As in many other countries, today is Muttertag (Mother’s Day) in Germany. Here’s something on its history: In the 1920′s, Germany had the lowest birthrate in Europe, and the declining trend was continuing. This was attributed to women’s early participation in the labor market, when in most countries, they were still homemakers. Influential groups in society (politicians of left and right, churchwomen, feminists) believed that mothers should be honored but could not agree on how to do so – however, all groups strongly agreed on the promotion of the values of motherhood. This resulted in the unanimous adoption of Mother’s Day in 1923. The head of the Association of German Florists cited “the inner conflict of our people and the loosening of the family” as his reason for introducing the holiday. He expected that it would unite the nation (and he also wanted to sell flowers, hah!). In 1925, the Mother’s Day Committee joined the task force and began emphasizing the need to increase the German population by promoting motherhood. The holiday was then seen as a means to encourage women to bear more children, which nationalists saw as a way to rejuvenate the nation. In the WW2 period, this continued and emphasis was put on women being proud mothers – if a woman had 4 or more children, she was given the Mutterkreuz (Mother’s Cross), an award to honor her as a mother. Read more about it here.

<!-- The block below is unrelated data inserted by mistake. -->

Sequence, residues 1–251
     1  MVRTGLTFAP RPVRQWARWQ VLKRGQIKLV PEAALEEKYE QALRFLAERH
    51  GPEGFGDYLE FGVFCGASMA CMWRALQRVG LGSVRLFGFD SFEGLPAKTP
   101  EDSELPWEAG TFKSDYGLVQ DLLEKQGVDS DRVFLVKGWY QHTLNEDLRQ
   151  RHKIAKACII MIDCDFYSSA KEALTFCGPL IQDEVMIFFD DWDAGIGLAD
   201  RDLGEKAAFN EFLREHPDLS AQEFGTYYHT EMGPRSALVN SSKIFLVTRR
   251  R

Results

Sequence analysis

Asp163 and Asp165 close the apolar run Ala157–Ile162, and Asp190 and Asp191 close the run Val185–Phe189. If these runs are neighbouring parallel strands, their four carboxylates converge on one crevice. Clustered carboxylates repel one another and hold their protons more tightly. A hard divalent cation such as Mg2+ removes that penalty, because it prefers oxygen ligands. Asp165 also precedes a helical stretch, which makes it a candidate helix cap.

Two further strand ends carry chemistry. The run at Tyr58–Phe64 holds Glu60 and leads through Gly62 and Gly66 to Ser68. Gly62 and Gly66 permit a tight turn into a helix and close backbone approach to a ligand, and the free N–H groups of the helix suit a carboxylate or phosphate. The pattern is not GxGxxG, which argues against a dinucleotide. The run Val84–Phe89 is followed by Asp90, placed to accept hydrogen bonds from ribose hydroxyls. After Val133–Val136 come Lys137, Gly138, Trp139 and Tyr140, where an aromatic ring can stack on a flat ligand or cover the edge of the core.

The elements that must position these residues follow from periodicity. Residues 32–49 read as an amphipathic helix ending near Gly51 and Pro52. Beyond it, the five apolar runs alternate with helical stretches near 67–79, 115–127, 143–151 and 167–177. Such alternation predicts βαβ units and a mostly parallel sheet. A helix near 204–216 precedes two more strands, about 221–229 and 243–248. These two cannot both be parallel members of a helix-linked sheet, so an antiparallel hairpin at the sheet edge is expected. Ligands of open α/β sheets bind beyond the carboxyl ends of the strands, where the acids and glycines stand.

Today, Germany, along with Italy and Portugal, has the lowest birth rate in Europe, despite very generous incentives and benefits given to parents in Germany. Read about Maternity Leave and Job Protection here. Also see this article on Parental Allowance and this one on having a baby in Germany.
On this day, mothers are given flowers and presents, are cooked for or taken out to eat, and just generally are being spoiled. Alles Gute zum Muttertag. <3
Read about Father‘s Day here: